Staying Up Late at Bistrot du Coin

Late-night dining has never been so… bright

Photo wall at Bistrot du Coin.

This weekend, my roommate and I headed out to Bistrot du Coin (1738 Connecticut Ave NW) to dine with an eclectic group: her older brother, his girlfriend, his college friend, and the friend’s girlfriend. The only reservation we could get was at 9pm, but we were assured that the food would be well worth the wait. So it was that I found myself approaching the restaurant at 9:03, stomach grumbling.

Bistrot du Coin opened way back in 2000, and quickly became a staple of any cultured Washingtonian’s restaurant list, as proven by their prominently-displayed framed photo of Bill Clinton on site. It’s located on what I like to think of as the neglected side of DuPont, right by all the exotic dancer spots. From the outside, it’s nothing special — just a simple, dingy awning facing out onto Connecticut Avenue — but you can tell from peering into the windows that something special is going on in here.

The first thing that shocked me about this restaurant is the ceilings, which must be at least 20 feet high. The second thing was the light: it was as bright as day in there, despite the pitch-black of the night outside.

Homardine (left) and beef bourguignon (right) at Bistrot du Coin. Photos by Hannah Berman.

Once my eyes had adjusted, I walked up to the rest of our group and gave out some hesitant hugs by way of introduction. We sat down and went around the circle with the customary “And what do you do?”s. Then the brother ordered some wine and we set to examining the menu.

Bistrot du Coin manages to be the most classic of French restaurants without being stuffy, which is a tricky line to toe. They do this by serving beautifully cooked, elegantly seasoned food in massive portions with a side of peasant bread, which somehow makes everything feel quaint despite its obvious high quality.

After agonizing over the decision for minutes, I ordered the homardine, a pasta dish based around mini ravioli and seafood. The food came quickly. Underneath a surface of melted cheese, I discovered mussels, baby shrimp, and scallops swimming in a lobster sauce. This dish is tied together by a strong mushroom flavor, and rich (in multiple senses).

I also tasted the beef bourguignon, which Bistrot du Coin lists as a specialty — and WOW. I haven’t had red meat in almost a year, so the fact that I was tempted to break that fast should be an indication of how good this dish smelled. The sauce combines melt-in-your-mouth bits of meat and whole pearl onions to create a deep, satisfying taste, offset by the pasta served underneath. It’s glorious.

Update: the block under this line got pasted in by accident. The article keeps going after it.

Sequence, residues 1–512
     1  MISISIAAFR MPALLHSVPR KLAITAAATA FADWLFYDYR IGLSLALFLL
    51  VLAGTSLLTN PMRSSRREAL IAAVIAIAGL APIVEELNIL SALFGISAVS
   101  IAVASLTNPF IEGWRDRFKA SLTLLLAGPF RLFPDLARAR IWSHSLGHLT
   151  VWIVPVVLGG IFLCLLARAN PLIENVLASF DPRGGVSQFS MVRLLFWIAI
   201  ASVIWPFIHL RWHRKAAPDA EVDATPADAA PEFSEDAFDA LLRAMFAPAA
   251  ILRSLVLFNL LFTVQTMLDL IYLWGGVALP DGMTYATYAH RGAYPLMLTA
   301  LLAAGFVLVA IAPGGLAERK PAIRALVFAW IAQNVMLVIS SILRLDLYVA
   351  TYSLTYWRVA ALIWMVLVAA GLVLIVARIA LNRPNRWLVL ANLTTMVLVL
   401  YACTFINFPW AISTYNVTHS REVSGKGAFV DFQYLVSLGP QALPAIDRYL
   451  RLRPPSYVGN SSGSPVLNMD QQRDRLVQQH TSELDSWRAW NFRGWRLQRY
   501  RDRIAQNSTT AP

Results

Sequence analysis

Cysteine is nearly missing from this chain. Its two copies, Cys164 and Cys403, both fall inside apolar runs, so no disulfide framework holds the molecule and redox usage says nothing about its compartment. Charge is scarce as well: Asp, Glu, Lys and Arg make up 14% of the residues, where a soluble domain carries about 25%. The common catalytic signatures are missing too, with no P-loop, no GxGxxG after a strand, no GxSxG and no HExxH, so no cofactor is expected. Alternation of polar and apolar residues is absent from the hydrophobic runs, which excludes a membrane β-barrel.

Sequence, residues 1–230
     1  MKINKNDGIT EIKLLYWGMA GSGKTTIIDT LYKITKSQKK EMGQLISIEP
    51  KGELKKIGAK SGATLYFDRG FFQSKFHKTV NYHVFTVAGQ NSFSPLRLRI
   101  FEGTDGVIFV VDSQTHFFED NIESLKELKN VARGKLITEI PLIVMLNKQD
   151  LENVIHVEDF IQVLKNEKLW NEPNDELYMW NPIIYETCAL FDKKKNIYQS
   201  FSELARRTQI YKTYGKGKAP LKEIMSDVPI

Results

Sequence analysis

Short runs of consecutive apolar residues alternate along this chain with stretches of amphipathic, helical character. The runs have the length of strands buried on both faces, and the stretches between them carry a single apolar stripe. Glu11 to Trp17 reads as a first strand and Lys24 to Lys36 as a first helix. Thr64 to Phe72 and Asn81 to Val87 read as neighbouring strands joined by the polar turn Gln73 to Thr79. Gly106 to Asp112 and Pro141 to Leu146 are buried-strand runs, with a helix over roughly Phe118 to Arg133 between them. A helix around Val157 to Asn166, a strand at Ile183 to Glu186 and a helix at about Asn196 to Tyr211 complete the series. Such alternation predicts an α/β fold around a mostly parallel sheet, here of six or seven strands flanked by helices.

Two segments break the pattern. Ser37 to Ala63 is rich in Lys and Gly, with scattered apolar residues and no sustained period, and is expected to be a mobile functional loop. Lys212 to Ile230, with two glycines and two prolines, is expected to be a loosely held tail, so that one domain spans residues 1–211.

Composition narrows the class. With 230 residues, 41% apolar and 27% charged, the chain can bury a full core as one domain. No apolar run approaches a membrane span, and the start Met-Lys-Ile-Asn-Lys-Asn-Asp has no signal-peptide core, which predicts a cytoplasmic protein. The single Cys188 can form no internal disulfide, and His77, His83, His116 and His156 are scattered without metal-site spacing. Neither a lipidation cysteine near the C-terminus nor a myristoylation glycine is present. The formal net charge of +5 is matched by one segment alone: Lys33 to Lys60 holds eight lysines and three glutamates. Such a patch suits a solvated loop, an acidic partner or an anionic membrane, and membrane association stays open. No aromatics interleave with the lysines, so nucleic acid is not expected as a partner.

Breads and food at Bistrot du Coin. Photo by Hannah Berman.

Something about Bistrot du Coin invites frivolity. It might have been the time-zone-bending lighting, or perhaps the wine — but no matter what prompted it, only half an hour in, our randomly assembled group clicked pleasantly into gear. We realized that most of the people at the table were dating someone from Hinge, which they all made meaningful eye contact about, chanting in unison, “The app that’s meant to be deleted.” They told us their love stories; we gasped and awwwed at the appropriate places. The couples shared looks and the siblings bickered. All of a sudden, we were no longer strangers.

“I remember when we were your age, this restaurant would be our big date night out,” the friend’s girlfriend confided in me and my roommate, despite being only three years older than us. “This is where we would go when we really wanted to drop some cash.”

Illuminated interiors at Bistrot du Coin. Photos by Hannah Berman.

She’s right, of course: $30 mains are by no means the norm for us. These prices aren’t shocking, given that the Clintons themselves have endorsed this place, but they definitely set Bistrot du Coin outside of my usual price range. Still, the down-to-earth, conversational vibes of the room prevent it from feeling too fancy, and the food is, as promised, well worth the wait (and the cost).

Bistrot du Coin’s motto is “French, fun, and friendly,” and my experience here proved to be just that. Our meal finally ended at 10:45pm, and it was filled with brightness, from the illuminated room to the good food and merry company. Bistrot du Coin has officially earned a spot on my special occasion restaurant rotation, and will remain there until it closes or time itself ends — whichever comes first.

Read more musings at Do Not Disturb, Hannah is Eating, or subscribe to get the newsletter delivered to your inbox here.

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